[1987] Fatal Attraction

fatal_attraction_posterAlternatively, Fatal Attraction ended with Dan in jail. This ending, however, did not fuse climax and catharsis well enough, did not test well enough with audiences, and did not demonstrate a logic consistent with its smart world building. So the director rewrote, refilmed, and recut a version of Fatal Attraction that ended with everything in its right place: unwell Alex dead and philandering Dan without consequence. It didn’t even seem like he grew from his near miss. The blame, alternatively, has been cast onto Alex, poor, crazy Alex as the holder of bad fortune and loser of minds. Contemporary Dan is the embodiment of clueless, white, male privilege.

Well enough, Alex Forrest as a character has gotten a fair share of criticism and a few dozen thinkpieces denouncing her trope as anti-woman, anti-feminist, and wholly modernist. Unable to cope with — something — Alex descends from a career-minded single woman into total hysterical madness; over a weekend fling? When peeled back, alternatively, this characterization doesn’t hold up to immediate scrutiny. While thrilling, this type of surface-level character making, is as deep as she is manic. It means that Fatal Attraction is an expensive thrill with a character assassination at the expense of the white, male viewers whose “marriages were saved after watching this movie!” as if any of these hysterical men had any sort of gumption in the first place.

No, it means this: Fatal Attraction‘s writers trapped their perception of a woman scorned and broken bad into Alex, with every other character playing coy. That word, hysterical, is loaded with etymology related to the uterus and is taken to mean “at the whim of an emotional female,” or, anti-logical, because for millennia or more, female meant baby-bearing, illogical, subservient being. Alternatively, it means that watching Fatal Attraction thirty years later leaves a puzzling reconstruction of what it means to eschew a discussion of mental health. Alex originally kills herself, but in the theatrical cut, Dan’s wife Beth, somehow not hysterical, helps Alex kill herself. Continue reading “[1987] Fatal Attraction”

[1987] The Last Emperor

There is no such thing as objective memory. Even with documented and recorded evidence, different witnesses will recall an event differently. It might have to do with a person’s inherent bias (what a person is willing to hear versus what is actually being said) or it might have to do with the passage of time, and the reshaping of history that has always happened. Someone will benefit from misinterpreting an inconsequential detail or changing the language to separate story from historical context. The Last Emperor, winner of 1987’s Best Picture award, is an example of manipulating memory for the sake of narrative. Its intentions seemingly innocent and non-biased, The Last Emperor dramatizes the life Puyi, China’s last emperor before the 1911 Xinhai Revolution that ended millennia of godly endowment of power to a single human. In a single, somewhat swift populist demonstration against dynastic rule, Puyi’s story is often forgotten in favor of more modern Chinese history, with world history curriculum almost erasing two-thousand-plus years of progress (and strife) in the process. Some students believe that the People’s Republic of China has always existed, and that is exactly what that institution would want those students to believe.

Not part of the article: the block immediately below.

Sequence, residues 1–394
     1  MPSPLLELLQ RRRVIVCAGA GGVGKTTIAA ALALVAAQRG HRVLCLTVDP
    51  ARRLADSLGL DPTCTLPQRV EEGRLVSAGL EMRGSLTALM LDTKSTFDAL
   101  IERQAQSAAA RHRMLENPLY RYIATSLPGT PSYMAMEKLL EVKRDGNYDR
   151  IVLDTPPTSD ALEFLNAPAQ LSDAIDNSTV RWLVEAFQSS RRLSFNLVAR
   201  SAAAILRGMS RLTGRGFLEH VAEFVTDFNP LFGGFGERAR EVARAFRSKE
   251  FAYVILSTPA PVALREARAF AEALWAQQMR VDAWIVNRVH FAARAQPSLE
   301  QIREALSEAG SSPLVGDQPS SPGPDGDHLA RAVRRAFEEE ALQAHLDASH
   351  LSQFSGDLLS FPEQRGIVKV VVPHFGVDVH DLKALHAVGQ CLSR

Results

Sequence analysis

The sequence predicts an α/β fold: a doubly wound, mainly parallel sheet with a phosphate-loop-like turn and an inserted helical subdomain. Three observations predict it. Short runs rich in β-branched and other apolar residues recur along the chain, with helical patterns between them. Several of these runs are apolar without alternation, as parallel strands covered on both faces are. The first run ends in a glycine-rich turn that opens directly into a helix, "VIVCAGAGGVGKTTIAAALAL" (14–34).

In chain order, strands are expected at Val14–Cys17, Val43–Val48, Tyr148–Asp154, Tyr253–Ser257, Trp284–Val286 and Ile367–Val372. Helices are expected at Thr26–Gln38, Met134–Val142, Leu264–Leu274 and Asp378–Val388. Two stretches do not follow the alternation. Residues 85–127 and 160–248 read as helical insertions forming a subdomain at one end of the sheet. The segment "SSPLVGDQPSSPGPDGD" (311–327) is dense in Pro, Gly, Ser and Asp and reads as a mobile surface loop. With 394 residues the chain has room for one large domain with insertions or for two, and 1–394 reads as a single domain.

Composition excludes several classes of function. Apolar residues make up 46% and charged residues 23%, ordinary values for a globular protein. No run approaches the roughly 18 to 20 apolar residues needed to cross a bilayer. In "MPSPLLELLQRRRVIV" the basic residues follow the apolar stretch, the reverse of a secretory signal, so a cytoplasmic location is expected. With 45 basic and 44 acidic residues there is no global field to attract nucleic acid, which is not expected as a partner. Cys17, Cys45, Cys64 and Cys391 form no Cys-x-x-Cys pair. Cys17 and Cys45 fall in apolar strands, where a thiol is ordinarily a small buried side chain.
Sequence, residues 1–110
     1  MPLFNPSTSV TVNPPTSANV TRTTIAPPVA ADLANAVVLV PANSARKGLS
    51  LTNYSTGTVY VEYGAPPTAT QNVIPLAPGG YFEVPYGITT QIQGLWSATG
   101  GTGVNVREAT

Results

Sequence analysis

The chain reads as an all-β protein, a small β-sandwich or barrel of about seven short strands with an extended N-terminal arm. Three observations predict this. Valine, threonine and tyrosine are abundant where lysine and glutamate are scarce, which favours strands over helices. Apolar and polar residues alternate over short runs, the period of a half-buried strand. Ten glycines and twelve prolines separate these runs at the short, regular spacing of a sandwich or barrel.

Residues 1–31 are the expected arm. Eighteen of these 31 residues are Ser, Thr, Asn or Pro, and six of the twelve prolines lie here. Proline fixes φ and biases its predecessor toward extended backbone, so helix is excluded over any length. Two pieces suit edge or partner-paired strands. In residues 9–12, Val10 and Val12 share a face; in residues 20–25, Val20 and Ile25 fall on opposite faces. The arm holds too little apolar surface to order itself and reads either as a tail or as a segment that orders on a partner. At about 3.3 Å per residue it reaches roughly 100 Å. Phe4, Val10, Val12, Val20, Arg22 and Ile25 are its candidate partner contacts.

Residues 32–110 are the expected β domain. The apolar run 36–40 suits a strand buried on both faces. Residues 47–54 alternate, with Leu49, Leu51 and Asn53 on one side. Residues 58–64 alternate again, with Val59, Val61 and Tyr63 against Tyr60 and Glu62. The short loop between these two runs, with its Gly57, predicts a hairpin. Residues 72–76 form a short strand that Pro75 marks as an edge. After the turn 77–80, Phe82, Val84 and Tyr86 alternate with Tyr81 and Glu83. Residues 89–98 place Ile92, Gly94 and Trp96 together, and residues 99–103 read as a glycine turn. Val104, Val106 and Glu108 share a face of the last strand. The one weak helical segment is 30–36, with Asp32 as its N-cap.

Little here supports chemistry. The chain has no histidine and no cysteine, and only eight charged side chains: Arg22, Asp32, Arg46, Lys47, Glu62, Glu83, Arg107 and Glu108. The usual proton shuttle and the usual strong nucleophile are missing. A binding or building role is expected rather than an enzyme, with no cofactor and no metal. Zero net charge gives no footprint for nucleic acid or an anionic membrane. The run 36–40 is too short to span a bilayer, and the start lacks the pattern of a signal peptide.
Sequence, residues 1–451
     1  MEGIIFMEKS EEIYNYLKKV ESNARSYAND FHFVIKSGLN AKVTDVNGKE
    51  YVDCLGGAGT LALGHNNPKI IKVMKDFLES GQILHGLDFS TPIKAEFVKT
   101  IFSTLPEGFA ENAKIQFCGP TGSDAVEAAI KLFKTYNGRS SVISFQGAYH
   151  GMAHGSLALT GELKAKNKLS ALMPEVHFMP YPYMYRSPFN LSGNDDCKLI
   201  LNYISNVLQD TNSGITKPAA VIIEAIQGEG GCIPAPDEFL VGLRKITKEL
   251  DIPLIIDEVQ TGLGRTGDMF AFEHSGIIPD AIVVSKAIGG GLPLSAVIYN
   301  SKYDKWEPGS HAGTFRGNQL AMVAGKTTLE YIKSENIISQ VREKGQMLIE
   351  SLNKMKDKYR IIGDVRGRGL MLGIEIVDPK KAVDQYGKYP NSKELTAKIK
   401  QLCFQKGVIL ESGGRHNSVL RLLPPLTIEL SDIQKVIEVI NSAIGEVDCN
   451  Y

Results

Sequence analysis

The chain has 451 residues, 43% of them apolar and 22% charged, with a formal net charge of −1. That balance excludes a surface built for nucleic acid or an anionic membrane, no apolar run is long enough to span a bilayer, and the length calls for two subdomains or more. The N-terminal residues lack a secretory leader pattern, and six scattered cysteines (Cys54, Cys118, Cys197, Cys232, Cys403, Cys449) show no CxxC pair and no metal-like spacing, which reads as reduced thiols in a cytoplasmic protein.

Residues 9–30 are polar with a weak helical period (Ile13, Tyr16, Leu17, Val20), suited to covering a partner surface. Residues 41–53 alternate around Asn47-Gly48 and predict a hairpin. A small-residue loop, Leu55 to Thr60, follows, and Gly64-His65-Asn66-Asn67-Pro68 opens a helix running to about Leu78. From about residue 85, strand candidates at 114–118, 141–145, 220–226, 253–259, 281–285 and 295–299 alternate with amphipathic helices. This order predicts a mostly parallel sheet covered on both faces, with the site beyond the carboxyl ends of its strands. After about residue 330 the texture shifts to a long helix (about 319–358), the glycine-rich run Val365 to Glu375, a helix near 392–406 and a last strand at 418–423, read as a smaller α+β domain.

This story, and certainly why The Last Emperor won in 1987, demonstrates the power of history in shaping one’s memory. As an adult, whose career choices might steer far from history, details of Chinese history may never cross his path and she will remember nothing from having not studied it. But how China has evolved since 500 BC has affected almost every aspect of one’s life. Majored in economics? What country has dominated manufacturing since the mid-1900s? Majored in political science? What country presents a quasi-credible threat to global, US hegemony? Eat takeout? The point is there, too. China has influenced so much of American culture. An inquisitive mind will ask: why? An even more intrigued student will want to know: from where? The Last Emperor plugs a hole in the institutional memory of global history through film. It is accessible and epic; it is thoroughly dramatic. And it is in English.

The language choice is an example of revisionism that makes a difference not only in what we remember, but also how we form new memory. Director Bernardo Bertolucci makes this conscious choice to tell a thoroughly Chinese story through an Anglo-American lens, and it affects how we can access this story, as a Western audience. It also affects how we remember the information presented to us. Had this film been in Chinese, the story would have been too dense and anti-consumer; the language is simply too different to convey the ideas to an audience of English speakers.

Or is it? Continue reading “[1987] The Last Emperor”